# Re: MLE vs. FMINSEARCH

*From*: Peter Perkins <Peter.PerkinsRemoveThis@xxxxxxxxxxxxx>*Date*: Wed, 28 May 2008 09:51:13 -0400

John D'Errico wrote:

Lets see. The mle code is in the stats

toolbox. It is a trust region optimizer,

that needs the gradient of its objective

function, which it computes for you.

John's right about that, mostly.

MLE allows you to specify one of about two dozen "canned" univariate distributions to fit, and it calls things like GAMFIT or NORMFIT to do the work. Those functions are written specifically for a particular distribution, and so they take advantage of whatever they can in terms of starting values and so on. Sometimes those functions compute the MLEs explicitly (like NORMFIT, when there's no censoring), sometimes they use FMINSEARCH, sometimes they use a trust region optimizer. Sometimes they find a zero of the log-likelihood gradient. Depends on the distribution, we've tried to use the method that works best in terms of actually finding the estimates. They all do maximum likelihood (except for trivialities like NORMFIT using the unbiased estimator for sigma^2, not the MLE).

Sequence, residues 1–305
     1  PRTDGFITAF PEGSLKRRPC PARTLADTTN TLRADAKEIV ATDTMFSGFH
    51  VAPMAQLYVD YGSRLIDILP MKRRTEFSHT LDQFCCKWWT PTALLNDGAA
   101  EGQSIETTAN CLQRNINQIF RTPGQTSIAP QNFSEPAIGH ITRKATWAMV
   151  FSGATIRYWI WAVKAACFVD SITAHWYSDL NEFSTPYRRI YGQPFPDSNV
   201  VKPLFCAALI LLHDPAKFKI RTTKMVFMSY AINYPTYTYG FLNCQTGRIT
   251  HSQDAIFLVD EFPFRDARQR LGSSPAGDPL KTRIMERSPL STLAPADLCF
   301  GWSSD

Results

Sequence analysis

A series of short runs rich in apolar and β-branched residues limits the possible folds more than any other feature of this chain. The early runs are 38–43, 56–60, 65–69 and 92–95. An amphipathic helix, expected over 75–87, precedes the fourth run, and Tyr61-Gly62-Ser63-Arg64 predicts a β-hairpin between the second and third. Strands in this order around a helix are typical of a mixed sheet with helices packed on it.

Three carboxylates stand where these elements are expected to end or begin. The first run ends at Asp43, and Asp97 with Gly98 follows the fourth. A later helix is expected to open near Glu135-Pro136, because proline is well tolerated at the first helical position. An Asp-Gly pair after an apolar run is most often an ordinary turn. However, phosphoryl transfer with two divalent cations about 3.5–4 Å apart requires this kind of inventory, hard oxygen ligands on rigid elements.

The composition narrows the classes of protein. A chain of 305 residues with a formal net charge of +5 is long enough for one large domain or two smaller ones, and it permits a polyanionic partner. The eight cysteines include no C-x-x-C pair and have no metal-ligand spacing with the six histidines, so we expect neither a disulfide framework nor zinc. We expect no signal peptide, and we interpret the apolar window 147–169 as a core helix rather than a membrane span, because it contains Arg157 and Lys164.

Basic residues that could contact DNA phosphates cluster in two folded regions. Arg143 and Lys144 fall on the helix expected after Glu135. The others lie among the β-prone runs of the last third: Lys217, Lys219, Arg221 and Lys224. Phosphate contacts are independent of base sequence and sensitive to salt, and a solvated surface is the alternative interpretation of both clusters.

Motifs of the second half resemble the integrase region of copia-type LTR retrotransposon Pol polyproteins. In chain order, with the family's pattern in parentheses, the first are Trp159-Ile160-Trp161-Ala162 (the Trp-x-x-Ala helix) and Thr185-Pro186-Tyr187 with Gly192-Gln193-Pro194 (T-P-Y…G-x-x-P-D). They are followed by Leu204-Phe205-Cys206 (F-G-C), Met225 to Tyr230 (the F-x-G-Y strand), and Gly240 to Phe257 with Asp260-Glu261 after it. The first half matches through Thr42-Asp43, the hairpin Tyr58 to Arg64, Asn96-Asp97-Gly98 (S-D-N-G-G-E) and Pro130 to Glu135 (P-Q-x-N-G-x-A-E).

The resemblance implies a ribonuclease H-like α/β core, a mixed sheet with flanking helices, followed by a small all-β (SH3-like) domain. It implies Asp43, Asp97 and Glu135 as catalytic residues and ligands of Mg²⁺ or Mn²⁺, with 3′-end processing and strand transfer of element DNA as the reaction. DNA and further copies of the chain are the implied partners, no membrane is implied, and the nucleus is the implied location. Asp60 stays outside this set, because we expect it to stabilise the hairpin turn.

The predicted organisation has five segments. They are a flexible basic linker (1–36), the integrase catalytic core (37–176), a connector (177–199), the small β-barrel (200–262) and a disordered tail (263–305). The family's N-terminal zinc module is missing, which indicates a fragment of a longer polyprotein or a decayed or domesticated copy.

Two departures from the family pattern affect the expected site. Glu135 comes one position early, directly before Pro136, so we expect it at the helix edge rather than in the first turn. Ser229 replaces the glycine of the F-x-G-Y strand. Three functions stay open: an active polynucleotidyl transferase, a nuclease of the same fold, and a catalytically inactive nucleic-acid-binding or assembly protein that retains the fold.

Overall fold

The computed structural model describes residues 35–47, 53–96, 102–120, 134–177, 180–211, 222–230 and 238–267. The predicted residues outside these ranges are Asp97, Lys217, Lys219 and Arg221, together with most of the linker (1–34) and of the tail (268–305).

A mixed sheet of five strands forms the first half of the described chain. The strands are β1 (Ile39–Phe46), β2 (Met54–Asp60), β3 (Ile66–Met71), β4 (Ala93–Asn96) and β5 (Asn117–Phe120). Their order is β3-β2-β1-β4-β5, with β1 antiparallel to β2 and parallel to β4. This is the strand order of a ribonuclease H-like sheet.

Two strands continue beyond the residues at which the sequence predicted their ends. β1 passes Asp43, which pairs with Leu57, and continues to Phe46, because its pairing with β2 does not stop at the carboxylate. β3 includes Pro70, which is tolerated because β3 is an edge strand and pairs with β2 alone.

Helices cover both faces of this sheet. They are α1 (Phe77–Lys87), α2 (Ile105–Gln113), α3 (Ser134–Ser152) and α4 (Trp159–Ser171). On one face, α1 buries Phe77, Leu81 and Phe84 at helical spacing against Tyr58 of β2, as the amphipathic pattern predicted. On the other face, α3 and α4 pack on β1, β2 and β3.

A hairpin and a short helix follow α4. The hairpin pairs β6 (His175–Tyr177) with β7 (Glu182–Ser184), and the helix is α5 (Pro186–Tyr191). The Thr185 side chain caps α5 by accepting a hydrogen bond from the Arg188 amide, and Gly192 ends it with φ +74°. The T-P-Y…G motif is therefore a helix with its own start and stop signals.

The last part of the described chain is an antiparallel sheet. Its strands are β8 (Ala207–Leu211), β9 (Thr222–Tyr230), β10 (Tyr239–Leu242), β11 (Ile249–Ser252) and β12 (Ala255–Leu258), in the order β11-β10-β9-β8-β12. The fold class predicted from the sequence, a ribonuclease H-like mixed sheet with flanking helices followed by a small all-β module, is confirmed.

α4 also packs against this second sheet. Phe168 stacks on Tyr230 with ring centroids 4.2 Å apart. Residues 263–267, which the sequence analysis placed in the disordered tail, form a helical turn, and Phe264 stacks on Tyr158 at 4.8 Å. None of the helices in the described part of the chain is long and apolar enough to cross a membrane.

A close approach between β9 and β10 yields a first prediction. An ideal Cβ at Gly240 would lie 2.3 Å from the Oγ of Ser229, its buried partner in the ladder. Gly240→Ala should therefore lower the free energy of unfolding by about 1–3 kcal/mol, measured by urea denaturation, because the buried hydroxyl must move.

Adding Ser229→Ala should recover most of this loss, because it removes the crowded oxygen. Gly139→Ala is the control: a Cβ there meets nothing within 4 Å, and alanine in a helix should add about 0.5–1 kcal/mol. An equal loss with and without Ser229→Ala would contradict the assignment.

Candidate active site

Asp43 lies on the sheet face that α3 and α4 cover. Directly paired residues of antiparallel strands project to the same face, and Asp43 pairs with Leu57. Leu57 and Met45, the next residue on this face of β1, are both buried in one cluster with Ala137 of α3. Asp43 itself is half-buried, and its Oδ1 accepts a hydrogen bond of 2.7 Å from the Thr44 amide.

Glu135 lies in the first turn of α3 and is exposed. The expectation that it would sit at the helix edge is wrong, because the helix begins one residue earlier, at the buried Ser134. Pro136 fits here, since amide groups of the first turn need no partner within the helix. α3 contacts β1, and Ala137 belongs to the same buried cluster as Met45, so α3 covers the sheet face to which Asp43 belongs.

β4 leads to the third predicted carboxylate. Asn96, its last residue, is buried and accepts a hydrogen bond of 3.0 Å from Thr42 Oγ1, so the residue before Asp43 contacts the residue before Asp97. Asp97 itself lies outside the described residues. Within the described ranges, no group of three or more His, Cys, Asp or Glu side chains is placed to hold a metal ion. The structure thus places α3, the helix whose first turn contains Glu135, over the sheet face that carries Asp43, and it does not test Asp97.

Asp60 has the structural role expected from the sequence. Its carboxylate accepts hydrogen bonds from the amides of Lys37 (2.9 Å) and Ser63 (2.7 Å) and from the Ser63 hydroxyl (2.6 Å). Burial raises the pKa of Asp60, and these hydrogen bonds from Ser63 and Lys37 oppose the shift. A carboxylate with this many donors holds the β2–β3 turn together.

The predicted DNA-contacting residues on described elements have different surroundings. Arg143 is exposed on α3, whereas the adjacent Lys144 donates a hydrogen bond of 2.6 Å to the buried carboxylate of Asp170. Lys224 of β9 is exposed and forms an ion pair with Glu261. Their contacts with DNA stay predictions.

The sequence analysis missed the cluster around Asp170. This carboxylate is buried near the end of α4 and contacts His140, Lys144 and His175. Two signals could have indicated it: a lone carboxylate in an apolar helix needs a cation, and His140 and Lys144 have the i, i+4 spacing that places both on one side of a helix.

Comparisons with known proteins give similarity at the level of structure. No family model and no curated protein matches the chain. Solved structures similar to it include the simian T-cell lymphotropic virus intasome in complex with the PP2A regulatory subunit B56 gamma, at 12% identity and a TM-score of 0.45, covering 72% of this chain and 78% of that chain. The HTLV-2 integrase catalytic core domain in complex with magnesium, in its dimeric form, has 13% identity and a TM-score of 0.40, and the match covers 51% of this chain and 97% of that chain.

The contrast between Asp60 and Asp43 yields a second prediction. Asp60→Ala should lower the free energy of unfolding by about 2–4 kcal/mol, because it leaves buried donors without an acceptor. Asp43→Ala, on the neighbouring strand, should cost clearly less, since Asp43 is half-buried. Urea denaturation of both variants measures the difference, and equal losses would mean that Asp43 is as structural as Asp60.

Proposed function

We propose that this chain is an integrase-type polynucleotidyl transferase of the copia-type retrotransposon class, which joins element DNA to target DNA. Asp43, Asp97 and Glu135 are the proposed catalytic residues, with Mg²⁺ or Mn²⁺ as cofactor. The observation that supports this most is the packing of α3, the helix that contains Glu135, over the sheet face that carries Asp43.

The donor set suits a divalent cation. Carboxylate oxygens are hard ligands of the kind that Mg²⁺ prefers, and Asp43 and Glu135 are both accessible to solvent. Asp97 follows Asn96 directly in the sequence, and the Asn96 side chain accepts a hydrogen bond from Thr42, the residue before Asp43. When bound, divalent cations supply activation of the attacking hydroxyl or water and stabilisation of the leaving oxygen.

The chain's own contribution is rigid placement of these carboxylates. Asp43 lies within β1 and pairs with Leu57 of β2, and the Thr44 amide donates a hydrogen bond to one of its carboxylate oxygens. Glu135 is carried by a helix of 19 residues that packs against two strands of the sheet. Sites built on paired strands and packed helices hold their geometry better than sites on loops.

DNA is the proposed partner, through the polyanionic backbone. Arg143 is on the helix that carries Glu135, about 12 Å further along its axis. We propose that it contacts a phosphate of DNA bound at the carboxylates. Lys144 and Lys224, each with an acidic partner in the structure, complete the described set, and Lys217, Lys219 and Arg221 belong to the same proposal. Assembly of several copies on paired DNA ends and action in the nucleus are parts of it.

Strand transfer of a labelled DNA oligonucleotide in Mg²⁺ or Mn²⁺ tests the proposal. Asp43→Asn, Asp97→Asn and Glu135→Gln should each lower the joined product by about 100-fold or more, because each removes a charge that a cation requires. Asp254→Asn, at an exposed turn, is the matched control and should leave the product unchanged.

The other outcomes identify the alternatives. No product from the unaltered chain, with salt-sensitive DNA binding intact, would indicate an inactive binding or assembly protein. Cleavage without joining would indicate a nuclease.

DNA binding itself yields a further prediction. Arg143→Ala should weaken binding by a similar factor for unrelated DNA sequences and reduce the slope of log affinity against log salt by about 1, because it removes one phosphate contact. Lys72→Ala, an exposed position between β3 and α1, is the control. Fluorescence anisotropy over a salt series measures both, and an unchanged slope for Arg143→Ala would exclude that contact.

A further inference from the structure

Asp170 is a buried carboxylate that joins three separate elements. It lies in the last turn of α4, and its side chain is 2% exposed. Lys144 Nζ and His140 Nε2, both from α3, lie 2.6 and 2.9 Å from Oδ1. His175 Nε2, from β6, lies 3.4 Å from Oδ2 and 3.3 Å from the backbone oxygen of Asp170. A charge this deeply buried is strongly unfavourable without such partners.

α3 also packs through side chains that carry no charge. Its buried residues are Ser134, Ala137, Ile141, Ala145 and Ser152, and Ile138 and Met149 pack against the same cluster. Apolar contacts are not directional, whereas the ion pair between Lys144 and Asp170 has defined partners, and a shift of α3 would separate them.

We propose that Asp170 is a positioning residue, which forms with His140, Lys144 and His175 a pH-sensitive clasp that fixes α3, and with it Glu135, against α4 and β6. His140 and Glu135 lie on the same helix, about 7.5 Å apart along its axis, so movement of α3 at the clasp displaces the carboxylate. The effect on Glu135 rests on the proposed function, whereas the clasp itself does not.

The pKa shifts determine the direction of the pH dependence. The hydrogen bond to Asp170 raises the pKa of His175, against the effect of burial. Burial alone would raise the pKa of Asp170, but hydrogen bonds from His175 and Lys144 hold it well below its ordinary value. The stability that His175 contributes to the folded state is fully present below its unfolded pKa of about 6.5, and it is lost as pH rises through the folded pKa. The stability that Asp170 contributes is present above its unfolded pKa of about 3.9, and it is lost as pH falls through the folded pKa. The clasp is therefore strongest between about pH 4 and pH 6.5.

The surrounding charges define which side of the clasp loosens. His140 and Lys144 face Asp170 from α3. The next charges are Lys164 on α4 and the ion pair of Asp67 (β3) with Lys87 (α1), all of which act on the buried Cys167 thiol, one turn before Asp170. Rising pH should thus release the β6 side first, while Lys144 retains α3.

On the other hand, MLE also allows you to provide a function or functions (in the firm of function handles) that define the log-likelihood of a distribution that you define. In that case, MLE uses FMINSEARCH, but you can also tell it to use FMINCON if you have the Optimization Toolbox. FMINCON is usually more efficient, but FMINSEARCH can be more robust in some odd cases. You also have to provide a starting value.

Hope this helps.

- Peter Perkins

The MathWorks, Inc.

.

**References**:**MLE vs. FMINSEARCH***From:*OR Stats

**Re: MLE vs. FMINSEARCH***From:*John D'Errico

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